Tycho Records

By Mel Rygus

If you’ve braved the packed dance floor at ThursDen over the past year, chances are that the following scenario has probably happened to you. You’re singing along with your favorite Top-40 jams, a beer or mini jug of vodka slime in hand, crammed alongside a number of your fellow University of Calgary students doing the same thing. Suddenly, the song changes and heavy bass starts to shake the room. A few people around you may recognize the song and start dancing to this strange jam in a way you’ve never seen before– a mix of rhythmic flailing and vigorous head-bobbing along to a track which sounds a lot more like robotic wobbles, and a lot less like Akon. If this has happened to you, then you, my friend, have listened to dubstep.

Dubstep is a branch of electronic dance music that, according to the almighty Wikipedia, consists of “overwhelming wobble basslines and reverberant drum patterns with occasional vocals.” Others have described the genre in a number of different ways, ranging from “filthy” to “deep” to “the sounds of robots having sex.” Regardless of how one describes it, the genre, which first originated in south London in the late 1990s, has taken the world by storm. The genre now covers a wide range of sounds, ranging from the melodic, deeper sounds characteristic of the earliest dubstep producers, to the “heavy and filthy” side of dubstep that has had made big name at to a number of Canadian artists, such as bc’s own Excision and Datsik.

Across Canada, the dubstep genre and edm as a whole have caught on like wildfire, but ask any local producer and they’ll all tell you that Calgary’s scene is the undisputed champion of Canadian bass subculture. One of the fruits of Calgary’s blossoming edm scene is locally-based record label Tycho Records, which has put out 18 releases (many to international acclaim) since its establishment in 2010. What once started as the glimmer of a pipe dream for the label’s founder Kyle van Yzerloo in 2008 has become a highly-respected outlet for the freshest basshead tunes. Tycho has established a niche that balances carefully between dubstep’s grassroots community-vibe origins and its recent flirtation with mainstream pop culture. I sat down with Kyle (who djs and produces under the alias TrebleSum) and one of the label’s signees Donald Dinsmore (a.k.a. Janana), to learn more about what Tycho is all about, and their take on dubstep’s sudden rise to fame.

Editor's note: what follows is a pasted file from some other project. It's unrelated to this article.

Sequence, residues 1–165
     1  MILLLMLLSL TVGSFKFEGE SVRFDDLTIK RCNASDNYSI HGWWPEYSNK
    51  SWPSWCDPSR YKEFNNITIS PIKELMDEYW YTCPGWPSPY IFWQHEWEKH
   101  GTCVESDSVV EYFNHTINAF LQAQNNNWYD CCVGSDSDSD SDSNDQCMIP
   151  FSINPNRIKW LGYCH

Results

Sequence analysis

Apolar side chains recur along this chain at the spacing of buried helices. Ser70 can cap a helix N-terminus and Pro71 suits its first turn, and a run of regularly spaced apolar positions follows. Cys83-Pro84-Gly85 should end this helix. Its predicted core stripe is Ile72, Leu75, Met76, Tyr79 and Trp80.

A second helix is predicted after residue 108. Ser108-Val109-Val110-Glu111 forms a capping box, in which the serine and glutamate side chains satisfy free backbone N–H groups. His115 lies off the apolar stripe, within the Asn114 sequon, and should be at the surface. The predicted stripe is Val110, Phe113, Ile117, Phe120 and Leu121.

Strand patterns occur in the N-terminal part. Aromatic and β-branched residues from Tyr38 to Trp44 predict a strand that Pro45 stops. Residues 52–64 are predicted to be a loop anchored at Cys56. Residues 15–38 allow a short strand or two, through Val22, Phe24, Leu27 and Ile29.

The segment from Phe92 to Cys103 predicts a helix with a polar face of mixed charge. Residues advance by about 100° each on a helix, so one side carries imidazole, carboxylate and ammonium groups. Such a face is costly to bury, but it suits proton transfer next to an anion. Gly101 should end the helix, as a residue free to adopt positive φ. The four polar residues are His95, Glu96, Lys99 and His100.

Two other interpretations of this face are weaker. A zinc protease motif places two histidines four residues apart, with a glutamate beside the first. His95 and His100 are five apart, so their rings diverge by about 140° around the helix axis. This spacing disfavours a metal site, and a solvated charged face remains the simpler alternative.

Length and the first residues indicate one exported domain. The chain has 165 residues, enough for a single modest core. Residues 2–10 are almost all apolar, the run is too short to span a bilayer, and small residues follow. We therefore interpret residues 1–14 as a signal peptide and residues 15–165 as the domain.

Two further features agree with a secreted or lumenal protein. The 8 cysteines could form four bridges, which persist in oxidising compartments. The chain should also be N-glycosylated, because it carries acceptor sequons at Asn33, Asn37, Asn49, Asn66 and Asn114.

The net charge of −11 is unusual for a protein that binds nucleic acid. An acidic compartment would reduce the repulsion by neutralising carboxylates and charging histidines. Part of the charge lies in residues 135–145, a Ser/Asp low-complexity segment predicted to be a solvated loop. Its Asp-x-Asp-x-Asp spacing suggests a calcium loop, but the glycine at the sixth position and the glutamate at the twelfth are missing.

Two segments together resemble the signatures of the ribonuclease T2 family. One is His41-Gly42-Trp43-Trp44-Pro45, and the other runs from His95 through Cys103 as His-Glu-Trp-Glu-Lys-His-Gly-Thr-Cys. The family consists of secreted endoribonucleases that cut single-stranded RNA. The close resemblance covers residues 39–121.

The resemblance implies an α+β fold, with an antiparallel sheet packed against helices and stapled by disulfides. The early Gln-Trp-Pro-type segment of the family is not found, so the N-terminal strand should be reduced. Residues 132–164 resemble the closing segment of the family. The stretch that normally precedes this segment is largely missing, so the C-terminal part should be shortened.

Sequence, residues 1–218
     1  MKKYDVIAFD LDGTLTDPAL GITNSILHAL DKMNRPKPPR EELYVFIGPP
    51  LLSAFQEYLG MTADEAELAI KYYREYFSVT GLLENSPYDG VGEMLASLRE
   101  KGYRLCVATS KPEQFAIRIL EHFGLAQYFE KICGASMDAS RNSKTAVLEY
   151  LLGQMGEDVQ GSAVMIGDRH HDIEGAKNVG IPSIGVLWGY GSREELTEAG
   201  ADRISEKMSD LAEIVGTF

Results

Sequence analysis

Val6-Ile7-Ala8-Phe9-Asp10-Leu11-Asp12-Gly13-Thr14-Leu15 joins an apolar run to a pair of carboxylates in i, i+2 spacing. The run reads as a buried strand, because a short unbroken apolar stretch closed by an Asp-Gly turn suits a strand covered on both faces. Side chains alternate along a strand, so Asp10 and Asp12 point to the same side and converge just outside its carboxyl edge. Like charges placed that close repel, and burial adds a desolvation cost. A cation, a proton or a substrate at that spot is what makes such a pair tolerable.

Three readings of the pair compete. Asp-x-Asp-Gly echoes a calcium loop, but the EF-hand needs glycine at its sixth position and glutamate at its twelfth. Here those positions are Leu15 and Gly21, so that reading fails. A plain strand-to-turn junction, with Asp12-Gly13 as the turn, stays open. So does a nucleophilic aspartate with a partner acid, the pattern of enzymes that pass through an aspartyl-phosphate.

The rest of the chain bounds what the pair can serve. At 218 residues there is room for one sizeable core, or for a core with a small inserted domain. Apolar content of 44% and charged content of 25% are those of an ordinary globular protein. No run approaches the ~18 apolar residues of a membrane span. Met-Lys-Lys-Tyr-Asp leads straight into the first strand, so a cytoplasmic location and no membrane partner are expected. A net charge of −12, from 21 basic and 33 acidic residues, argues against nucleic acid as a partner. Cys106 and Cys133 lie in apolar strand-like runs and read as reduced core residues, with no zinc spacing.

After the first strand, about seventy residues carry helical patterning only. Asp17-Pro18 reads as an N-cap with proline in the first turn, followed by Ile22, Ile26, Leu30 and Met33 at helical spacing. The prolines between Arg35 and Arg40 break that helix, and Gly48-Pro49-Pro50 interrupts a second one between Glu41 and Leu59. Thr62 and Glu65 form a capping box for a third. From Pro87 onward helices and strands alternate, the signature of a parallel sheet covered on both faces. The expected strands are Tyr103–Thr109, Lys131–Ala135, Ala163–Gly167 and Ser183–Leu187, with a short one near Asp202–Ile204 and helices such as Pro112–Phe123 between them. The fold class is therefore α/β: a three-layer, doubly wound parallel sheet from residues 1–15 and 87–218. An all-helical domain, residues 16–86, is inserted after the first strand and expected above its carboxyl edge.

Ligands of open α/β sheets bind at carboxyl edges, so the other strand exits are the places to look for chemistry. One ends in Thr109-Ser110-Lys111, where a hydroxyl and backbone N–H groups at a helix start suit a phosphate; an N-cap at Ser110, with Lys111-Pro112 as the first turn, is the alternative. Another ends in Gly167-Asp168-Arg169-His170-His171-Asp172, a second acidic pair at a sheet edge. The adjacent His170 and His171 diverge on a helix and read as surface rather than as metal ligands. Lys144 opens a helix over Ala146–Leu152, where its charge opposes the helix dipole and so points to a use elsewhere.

Although initially shy and seemingly a little skeptical about the whole affair, both Kyle and Donald immediately perked up as soon as I begun asking them about Tycho and their love of electronic music. Kyle had been tossing around the idea of starting a record label as an outlet to release local music for a couple of years, but it wasn’t until he finally took the plunge and quit his job last year that he was really able to delve into putting a business model together.

“I just had a lot of free time on my hands,” says Kyle, rather sheepishly. “A lot of it began with contacting guys I was really a fan of. Some local friends and I put together a release and then our buddy from Vancouver did another one.”